In many of my surprise proposals, I often point out the obvious: when proposing in a public place, you have no control over the other people who want to be in the same spot. And this fact played a significant element in Sean’s surprise proposal to Katrina.

When Sean and I first spoke, he was very interested in proposing at the Castle Hill Inn; he had never been there before. I took a screenshot of a Google Map of the Inn and annotated it to match three photos with the numbers 1, 2, & 3 on the map. As I have photographed many proposals at this location, I could offer Sean actual proposal photos to review from the three prime spots I use.

Spot #1 is the famous ‘Lawn at Castle Hill,’ which has a beautiful backdrop comprising Narragansett Bay and the Newport Bridge. And from my perspective, that late evening light can be wonderful. The downside for some is that the proposal will be public and in front of the Inn’s patrons sitting on the famous Adirondack chairs while enjoying a glass of wine and taking in the view. After each proposal, all the folks in the chairs will give out a big cheer and wave to the newly engaged couple.

Spot #2 is beside the Castle Hill Lighthouse but has the Inn and the bay as a backdrop; it is breathtaking. This spot tends to be quiet, with the least risk of other folks being there.

Spot #3 has the Lighthouse, bay, and rocks as a backdrop. It is truly spectacular, but I, as the photographer, have to take some risks by climbing over the rocks to get into position for the shot. Additionally, people visit to see the Lighthouse and take photos, which means that we will likely have to deal with people getting in the way of the shot!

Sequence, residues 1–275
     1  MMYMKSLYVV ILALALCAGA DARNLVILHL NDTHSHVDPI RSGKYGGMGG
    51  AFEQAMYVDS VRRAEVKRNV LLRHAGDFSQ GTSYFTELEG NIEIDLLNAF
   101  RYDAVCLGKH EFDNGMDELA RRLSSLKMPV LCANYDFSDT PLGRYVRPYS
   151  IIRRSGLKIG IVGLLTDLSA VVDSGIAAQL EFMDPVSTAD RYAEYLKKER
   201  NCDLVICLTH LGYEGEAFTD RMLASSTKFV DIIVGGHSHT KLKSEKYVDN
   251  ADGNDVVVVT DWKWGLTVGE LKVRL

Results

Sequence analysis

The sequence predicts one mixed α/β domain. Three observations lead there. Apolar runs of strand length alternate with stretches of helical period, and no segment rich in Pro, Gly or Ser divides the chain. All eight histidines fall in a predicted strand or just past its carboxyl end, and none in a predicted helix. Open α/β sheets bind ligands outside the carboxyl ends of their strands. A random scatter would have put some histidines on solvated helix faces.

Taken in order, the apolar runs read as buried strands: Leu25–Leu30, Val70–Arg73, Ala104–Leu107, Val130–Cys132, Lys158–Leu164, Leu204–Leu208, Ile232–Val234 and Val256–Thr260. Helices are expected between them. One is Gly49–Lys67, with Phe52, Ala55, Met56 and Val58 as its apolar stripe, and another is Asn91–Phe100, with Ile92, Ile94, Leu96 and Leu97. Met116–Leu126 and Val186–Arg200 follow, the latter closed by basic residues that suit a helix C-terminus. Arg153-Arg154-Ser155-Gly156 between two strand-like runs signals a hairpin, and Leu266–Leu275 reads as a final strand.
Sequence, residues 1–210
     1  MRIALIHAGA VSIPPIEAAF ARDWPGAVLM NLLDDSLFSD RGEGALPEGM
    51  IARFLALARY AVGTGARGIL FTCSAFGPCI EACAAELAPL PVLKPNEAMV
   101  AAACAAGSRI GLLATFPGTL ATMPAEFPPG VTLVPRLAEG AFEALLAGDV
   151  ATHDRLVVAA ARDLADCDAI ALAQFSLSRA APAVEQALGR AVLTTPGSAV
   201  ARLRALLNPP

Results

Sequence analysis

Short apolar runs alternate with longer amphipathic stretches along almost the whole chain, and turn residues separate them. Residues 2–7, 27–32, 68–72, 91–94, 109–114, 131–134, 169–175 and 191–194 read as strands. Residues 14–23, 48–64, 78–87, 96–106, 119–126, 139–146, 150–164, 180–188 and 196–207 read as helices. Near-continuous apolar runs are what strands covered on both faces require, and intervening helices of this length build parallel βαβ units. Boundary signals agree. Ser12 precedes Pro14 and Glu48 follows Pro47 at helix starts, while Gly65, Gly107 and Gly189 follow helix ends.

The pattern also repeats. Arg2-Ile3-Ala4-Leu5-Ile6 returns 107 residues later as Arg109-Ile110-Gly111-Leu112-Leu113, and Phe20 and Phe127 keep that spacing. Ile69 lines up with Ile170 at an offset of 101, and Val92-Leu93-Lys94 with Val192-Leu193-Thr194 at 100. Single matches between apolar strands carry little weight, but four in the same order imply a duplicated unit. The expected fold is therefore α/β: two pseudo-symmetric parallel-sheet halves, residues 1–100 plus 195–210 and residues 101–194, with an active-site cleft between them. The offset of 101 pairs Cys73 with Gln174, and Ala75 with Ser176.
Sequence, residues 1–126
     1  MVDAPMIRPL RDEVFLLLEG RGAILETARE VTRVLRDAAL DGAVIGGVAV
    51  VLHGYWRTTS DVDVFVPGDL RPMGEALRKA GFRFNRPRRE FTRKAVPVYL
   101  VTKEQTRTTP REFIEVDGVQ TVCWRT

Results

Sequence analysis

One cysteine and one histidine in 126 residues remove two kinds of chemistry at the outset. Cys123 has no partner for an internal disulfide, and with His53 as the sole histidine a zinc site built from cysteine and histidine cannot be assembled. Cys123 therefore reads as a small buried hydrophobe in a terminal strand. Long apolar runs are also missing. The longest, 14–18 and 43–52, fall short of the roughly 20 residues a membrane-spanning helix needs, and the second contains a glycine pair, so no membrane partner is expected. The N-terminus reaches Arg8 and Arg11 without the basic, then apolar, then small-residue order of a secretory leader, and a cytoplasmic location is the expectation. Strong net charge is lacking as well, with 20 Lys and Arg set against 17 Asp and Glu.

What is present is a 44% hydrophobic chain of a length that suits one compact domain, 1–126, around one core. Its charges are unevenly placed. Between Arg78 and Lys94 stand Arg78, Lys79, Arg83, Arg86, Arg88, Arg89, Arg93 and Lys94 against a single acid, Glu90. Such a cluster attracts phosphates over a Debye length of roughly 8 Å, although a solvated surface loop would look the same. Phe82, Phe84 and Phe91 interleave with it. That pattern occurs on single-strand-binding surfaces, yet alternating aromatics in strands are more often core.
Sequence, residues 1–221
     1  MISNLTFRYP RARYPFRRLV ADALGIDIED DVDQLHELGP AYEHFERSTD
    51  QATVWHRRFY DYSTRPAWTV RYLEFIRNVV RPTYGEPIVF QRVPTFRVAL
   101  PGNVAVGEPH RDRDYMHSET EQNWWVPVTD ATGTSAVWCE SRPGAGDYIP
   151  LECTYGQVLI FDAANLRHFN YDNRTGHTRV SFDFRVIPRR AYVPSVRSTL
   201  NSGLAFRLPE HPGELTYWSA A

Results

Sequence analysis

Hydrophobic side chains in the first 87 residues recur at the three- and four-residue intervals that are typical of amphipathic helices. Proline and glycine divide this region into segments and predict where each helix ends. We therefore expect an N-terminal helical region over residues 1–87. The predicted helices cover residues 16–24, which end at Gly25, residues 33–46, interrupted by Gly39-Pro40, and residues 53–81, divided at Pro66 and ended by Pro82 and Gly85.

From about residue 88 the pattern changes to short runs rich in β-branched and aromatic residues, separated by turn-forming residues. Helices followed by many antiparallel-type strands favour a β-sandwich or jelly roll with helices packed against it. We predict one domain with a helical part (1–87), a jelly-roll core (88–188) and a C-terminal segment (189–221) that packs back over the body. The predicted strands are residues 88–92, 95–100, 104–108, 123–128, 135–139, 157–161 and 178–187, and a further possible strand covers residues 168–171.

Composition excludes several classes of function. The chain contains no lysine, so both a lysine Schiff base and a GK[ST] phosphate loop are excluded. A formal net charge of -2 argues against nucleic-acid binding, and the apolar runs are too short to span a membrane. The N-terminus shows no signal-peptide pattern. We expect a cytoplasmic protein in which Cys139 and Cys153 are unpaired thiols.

Spot #1

rob proposes to Erin on the lawn at the castle hill inn, rhode island surprise proposal

Spot #2

Francesco’s Surprise Proposal to CJ at the Castle Hill Inn, Newport, RI

Spot #3

When Sean saw Spot #3, he said that Katrina loved lighthouses and that that was where he would propose. We discussed the pitfalls of the spot – it can be heavily trafficked, and I would be shooting out of the range of earshot. But with some careful planning and luck, we could make this work.

Personally, I was excited about his pick  – even though it would be tricky to capture  – because it would be a pretty magnificent image,

On the day of the proposal, I asked Sean for a photo of them both – wearing the clothes they would wear for the proposal. I also asked if he could share his location with me via GPS, which he did. I find this particularly useful because it provides real-time location updates for a client I have never met!

Before I pulled out of my driveway, I texted Sean to let him know that my ETA was 5:15 pm; nice and early for our 6 pm shoot. I arrived at Castle Hill on time and sent another text to inform Sean that I was on location. I grabbed my backpack, which contains a second camera (EOS 1D Mk IV), two lenses (EF 85mm, f/1.2 and an EF 70mm to 200mm, f/2.8), and a couple of strobes. Usually, the EF 70mm to 200mm is my primary lens used for surprise proposals because it permits me to shoot at a distance, but for this shoot, I had to shoot wide to include the Lighthouse, and so I paired an EF 24mm to 70mm, f/2.8 with my Canon EOS 1DX.